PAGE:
The plot is simple. Dan Mulligan(Ruffalo) is a down on his luck music producer and he is on the edge of dropping everything when he stumbles into a bar and hears Greta(Knightley) spinning an acoustic to a clearly uninterested bar of young souls. Carney is a genius here, as he shows Dan coming to the center of the room, drunk and staggering yet clearly inspired and feeling rejuvenated. Greta is simply sitting on a stool singing while producing some light rhythm with the guitar, but Dan sees the drums kicking up in his head and he pictures a cello and violin getting involved into the process. Right before our eyes, Carney is showing us how a simple page of lyrics and a voice can be the beginning of something special. As he tells Greta later, this is where greatness happens and one can see clearly. When you are your lowest point, drunk and seemingly out of options. Dan sees something in Greta and together, they do something nobody has done before. Create a live album around New York City. Everything else is icing on the cake.

The dialogue produced by Carney is spot on. It’s brutal, real and doesn’t ignore the cutthroat mindset that many people run into when working in the music industry. The cast handles it extremely well, with Hailee Steinfield, Catherine Keener, and Mos Def contributing solid supporting work along with Levine in a role that may not turn him into a movie star but reveals that there is more to him than Maroon 5. James Corden provides the epic comic relief as Greta’s friend from London who makes NYC seem a little less serious. Corden is a Tony Award winning performer and brings an array of abilities to the table.

Continue reading “Begin Again Captures The Heart”

Spending A Night With 1917 Soundtrack

“The live set is like stepping into a time machine portal into the 1950’s when R&B, Rock and Roll and Soul were being created.”-Mario Mathon

As a lifelong lover of music, I didn’t hesitate at the chance to watch my good friend and fellow artist Mathon record a session at Utopia Studios in downtown St. Louis1938012_987544336790_1249102921_n with his bandmates Jordan Mays and Amonte Henry. Together, they form 1917 Soundtrack, a group that defies distinction by a single genre and instead lives on the edges of multiple sounds. R&B, soul, blues, and a little rock mixed in there.  Give it a name but know this.  Hearing it makes your body come alive when Henry is pounding the drums, Mays working the guitar and Mathon strutting around the room with a microphone in his hand singing the blues.  Radio and news footage accompany the opening of their tracks and as they play, it’s nearly as if the band is driving a vehicle into a storm cloud of musicianship and taking you along for the ride.   It’s quite the experience.  Confidence flows through anyone’s veins while they watch music unfold. There’s a detailed rhythm to the recording of an album and that night I got to see the steps and work put forth by three men who want to make it big. What other damn reason would you be expressing yourself with so much passion for?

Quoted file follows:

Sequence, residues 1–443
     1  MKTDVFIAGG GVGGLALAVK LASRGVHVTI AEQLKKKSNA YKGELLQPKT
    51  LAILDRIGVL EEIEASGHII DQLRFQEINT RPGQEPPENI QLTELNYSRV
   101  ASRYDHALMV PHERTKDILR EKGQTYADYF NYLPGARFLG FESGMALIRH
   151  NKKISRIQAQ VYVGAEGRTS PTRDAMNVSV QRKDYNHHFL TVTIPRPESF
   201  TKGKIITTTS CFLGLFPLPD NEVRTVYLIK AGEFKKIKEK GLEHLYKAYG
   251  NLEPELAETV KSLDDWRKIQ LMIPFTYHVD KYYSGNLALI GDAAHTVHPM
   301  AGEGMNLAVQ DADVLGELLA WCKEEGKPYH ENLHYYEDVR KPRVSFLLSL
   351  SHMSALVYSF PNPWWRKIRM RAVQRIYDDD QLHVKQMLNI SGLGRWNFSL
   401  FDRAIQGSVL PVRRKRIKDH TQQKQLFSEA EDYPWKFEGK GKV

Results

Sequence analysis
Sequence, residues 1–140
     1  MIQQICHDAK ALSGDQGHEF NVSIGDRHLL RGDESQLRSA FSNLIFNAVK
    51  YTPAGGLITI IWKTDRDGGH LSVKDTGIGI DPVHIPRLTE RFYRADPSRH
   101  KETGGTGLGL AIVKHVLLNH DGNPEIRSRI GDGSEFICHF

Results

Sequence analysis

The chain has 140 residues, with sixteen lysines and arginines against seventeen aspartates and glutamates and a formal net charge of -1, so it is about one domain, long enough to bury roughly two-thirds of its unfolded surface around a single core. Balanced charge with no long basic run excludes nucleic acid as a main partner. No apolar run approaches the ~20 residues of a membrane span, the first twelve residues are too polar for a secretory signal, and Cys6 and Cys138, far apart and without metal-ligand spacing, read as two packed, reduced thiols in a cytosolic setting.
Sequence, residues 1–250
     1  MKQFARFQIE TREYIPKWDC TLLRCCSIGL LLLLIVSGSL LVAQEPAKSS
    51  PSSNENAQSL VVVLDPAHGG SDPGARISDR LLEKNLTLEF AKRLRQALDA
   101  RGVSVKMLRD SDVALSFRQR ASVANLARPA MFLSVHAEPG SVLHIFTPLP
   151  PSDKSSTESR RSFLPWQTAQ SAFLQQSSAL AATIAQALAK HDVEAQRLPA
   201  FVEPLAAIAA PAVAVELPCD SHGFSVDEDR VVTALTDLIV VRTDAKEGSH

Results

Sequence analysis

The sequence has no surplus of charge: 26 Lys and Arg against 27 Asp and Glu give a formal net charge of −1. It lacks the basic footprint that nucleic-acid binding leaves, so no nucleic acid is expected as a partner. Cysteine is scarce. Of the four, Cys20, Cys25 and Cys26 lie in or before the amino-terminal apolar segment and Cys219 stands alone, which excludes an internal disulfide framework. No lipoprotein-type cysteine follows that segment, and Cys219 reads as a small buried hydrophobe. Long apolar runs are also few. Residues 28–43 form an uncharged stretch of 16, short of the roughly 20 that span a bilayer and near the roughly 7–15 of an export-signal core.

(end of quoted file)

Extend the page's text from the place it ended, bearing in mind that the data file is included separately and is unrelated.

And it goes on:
1926142_987498698250_12140651_oEach guy has a story that’s rooted in artistic drive and flawed grace.   As a friend and fan alike, I wanted to get the back story behind the need for this trio to use their free time to create something special. I write in my free time and do so because I feel I have something to offer people and it energizes my soul.  When I talked to Mathon about describing his music, the man was as blunt as a solo at Madison Square Garden.  “Saint Louis old school, birthplace, rhythm & blues, rock and roll, Chuck Berry, Etta James, Muddy Waters influence on the whole sonic and physical vibe of the music.”  Wrap your head around that.

image (4)

Mathon, vocalist and pianist,  hasn’t been easy on himself.  He is one of those artists who will sit there and tell you every day is a struggle.  This is the same guy who signed to a local hip-hop soul development deal as a teenager, eventually selling an urban-radio ad jingle to McDonald’s through local 3rd party producers.  He moved to St. Louis from Chicago at the age of 14, and met Mays based on their shared love of music in Brentwood High School.  Total opposites in personality while Mays was off pursuing his musical ambitions and education, Mathon would dedicate his time to the streets.  Mathon became enclosed in the deadly web of the sale and use of narcotics, eventually doing a two year prison sentence, spending the majority of his incarceration sharpening his musical sword.  Upon release he bounced around from local bands and production teams before hooking back up with Mays to write and record the “I Cant Believe How Much Of An Asshole Im Not Being” EP.

Continue reading “Spending A Night With 1917 Soundtrack”